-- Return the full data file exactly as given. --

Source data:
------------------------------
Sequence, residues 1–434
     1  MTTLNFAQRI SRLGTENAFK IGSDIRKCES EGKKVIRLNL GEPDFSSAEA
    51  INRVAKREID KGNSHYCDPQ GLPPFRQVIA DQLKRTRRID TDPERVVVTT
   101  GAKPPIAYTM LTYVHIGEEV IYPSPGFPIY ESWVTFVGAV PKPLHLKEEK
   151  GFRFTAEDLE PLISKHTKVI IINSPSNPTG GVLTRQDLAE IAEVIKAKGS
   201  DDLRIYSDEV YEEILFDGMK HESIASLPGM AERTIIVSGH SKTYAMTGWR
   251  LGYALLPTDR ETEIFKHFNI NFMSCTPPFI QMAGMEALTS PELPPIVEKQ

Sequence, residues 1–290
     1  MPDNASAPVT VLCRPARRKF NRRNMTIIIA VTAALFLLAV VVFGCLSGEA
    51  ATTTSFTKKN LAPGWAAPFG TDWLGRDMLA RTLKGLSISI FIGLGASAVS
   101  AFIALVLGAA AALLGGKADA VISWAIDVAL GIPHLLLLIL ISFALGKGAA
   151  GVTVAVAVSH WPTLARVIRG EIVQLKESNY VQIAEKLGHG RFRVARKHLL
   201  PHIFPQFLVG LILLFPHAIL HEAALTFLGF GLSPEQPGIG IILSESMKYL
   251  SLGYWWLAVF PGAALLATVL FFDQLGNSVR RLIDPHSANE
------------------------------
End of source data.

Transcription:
Sequence, residues 1–434
     1  MTTLNFAQRI SRLGTENAFK IGSDIRKCES EGKKVIRLNL GEPDFSSAEA
    51  INRVAKREID KGNSHYCDPQ GLPPFRQVIA DQLKRTRRID TDPERVVVTT
   101  GAKPPIAYTM LTYVHIGEEV IYPSPGFPIY ESWVTFVGAV PKPLHLKEEK
   151  GFRFTAEDLE PLISKHTKVI IINSPSNPTG GVLTRQDLAE IAEVIKAKGS
   201  DDLRIYSDEV YEEILFDGMK HESIASLPGM AERTIIVSGH SKTYAMTGWR
   251  LGYALLPTDR ETEIFKHFNI NFMSCTPPFI QMAGMEALTS PELPPIVEKQ

Sequence, residues 1–290
     1  MPDNASAPVT VLCRPARRKF NRRNMTIIIA VTAALFLLAV VVFGCLSGEA
    51  ATTTSFTKKN LAPGWAAPFG TDWLGRDMLA RTLKGLSISI FIGLGASAVS
   101  AFIALVLGAA AALLGGKADA VISWAIDVAL GIPHLLLLIL ISFALGKGAA
   151  GVTVAVAVSH WPTLARVIRG EIVQLKESNY VQIAEKLGHG RFRVARKHLL
   201  PHIFPQFLVG LILLFPHAIL HEAALTFLGF GLSPEQPGIG IILSESMKYL
   251  SLGYWWLAVF PGAALLATVL FFDQLGNSVR RLIDPHSANE